Having your first child literally changes your world, your view of the world, and turns your relationship upside down. We hear new parents talk about how incredible it is to have created this precious little human, but they’re blown away by how much their relationship has changed because of it. As expectant parents, we plan ahead for the birth, the nursery and make sure we have all of the gear, but we don’t prepare our relationship for the dramatic change ahead.
And that’s where the trouble comes in.
Before the baby, you have time and energy to spend on one another. All of your love, attention and affection is spent on your partner. But once your baby enters the picture, your focus changes. All of that attention, affection and time get transferred to the little one, and this can leave Dad feeling dumped. Suddenly there is very little time for conversation and loving gestures and even less energy for sex and affection. You go from doing everything together to dividing and conquering to get everything done.
These changes can seem unavoidable, but these tips will help you and dad-to-be prepare and get on the same team:
- Get dad-to-be to Boot Camp for New Dads, he’ll hear from new dads about what changes they experienced with their relationships. Or talk to family, friends and coworkers what it was like for them. Knowing what might be coming is half the battle, plus it will take away some anxiety of “is this normal?”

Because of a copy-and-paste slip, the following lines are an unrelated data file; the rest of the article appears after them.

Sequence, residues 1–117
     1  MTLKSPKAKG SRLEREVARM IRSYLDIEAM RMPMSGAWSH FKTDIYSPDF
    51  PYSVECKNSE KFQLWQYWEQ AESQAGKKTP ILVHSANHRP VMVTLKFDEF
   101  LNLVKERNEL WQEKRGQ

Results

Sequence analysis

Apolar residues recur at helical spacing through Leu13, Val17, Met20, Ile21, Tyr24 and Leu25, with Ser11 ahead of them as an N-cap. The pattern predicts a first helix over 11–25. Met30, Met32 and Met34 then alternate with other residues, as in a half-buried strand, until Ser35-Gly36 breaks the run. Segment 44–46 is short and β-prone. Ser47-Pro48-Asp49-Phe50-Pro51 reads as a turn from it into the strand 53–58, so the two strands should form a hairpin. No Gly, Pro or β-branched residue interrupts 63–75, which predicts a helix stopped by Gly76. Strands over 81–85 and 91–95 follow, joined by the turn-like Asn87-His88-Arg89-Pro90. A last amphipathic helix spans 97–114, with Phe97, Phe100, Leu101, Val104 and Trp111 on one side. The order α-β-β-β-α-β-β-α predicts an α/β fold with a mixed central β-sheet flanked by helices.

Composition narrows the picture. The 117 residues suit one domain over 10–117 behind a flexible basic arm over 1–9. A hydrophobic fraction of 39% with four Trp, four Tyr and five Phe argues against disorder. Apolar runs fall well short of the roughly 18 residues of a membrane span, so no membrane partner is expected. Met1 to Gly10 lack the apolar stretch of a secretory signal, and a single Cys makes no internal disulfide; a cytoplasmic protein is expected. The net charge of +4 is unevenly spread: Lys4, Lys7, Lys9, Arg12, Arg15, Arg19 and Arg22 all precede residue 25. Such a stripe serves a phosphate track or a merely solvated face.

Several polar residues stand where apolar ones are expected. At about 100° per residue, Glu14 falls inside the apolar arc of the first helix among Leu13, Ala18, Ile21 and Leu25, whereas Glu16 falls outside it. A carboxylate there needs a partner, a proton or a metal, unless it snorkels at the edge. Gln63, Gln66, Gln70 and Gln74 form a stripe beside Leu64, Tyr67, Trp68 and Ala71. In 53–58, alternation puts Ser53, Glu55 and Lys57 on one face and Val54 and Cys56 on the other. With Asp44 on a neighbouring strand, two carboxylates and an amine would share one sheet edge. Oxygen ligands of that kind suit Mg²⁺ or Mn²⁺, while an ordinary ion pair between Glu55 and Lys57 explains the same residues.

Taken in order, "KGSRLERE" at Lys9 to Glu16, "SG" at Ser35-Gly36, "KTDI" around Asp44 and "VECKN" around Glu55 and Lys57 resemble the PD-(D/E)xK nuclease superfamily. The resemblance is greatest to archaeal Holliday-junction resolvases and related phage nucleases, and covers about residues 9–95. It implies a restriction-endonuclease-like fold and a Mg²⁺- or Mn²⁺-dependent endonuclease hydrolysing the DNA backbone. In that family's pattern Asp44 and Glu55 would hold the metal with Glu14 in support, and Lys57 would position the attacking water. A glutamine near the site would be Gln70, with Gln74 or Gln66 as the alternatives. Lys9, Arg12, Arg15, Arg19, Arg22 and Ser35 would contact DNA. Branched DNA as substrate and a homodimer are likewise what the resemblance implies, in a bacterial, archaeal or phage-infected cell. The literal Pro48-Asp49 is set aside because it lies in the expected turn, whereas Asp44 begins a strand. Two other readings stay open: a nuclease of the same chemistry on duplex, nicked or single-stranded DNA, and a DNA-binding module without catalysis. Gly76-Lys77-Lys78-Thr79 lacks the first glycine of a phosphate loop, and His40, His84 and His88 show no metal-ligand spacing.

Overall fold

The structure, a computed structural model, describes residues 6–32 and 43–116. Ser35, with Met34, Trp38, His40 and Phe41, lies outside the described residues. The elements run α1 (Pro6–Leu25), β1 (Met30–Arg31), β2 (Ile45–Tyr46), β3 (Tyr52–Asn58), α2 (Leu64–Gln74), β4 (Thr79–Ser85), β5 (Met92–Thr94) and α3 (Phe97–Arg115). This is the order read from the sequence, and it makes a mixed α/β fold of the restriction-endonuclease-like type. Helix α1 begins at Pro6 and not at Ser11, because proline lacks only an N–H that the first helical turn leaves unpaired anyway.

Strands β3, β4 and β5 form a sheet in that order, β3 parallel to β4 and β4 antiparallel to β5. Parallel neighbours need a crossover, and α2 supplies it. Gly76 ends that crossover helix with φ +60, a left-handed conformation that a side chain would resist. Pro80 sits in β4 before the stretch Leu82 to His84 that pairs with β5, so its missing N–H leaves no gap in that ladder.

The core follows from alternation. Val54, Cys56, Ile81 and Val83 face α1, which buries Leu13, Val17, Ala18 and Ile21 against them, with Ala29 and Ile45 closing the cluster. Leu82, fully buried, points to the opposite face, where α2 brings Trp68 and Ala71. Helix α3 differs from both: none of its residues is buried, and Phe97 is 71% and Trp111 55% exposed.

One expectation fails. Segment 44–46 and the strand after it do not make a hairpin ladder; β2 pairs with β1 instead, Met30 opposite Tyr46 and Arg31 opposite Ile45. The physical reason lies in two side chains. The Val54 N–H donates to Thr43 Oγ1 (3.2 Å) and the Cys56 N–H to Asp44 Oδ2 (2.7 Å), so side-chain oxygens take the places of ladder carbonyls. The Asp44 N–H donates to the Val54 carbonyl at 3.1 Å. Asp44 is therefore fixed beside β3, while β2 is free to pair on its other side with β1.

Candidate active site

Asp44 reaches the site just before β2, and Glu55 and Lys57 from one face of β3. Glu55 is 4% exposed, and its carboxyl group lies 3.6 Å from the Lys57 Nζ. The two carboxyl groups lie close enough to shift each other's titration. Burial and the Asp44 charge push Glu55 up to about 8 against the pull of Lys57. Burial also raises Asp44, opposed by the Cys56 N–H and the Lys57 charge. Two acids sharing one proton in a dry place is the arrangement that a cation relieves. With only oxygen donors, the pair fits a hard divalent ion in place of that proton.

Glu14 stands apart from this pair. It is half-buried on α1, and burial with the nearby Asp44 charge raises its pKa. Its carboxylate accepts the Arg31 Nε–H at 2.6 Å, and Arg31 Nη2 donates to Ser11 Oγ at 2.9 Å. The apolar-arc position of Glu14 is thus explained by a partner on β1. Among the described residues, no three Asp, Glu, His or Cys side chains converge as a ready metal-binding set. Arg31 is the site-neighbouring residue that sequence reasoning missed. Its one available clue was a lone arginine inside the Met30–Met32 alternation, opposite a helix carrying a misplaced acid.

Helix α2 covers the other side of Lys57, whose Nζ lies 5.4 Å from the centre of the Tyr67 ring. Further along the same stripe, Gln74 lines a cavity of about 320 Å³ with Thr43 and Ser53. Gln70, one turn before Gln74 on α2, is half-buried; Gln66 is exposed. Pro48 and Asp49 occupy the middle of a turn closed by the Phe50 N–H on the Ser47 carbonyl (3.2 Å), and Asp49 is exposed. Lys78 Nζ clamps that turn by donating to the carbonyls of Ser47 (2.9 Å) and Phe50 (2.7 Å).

- Pick a date now, 2 months after your baby’s due date and make that a date night. If you have one sooner, awesome, otherwise this is your chance to come up for air and spend some time together. It may seem impossible as you get closer to the date, but no cancelations or rain checks! Even though you’ll be a nervous wreck the first time, it does get easier. And your baby will get some neuron building (thanks to the new experience) time with grandma, grandpa, or whoever else is on duty.
- Commit to keeping communication open. Things will get stressful, so give each other permission now to (nicely) be honest with each other. If the baby has worn you out breastfeeding all day, don’t blow up at dad when he leans in for a kiss, just let him know it’s not personal, you have just been “touched out” today. And likewise for him, if he needs 5 minutes to change when he gets home, he should have permission to let you know.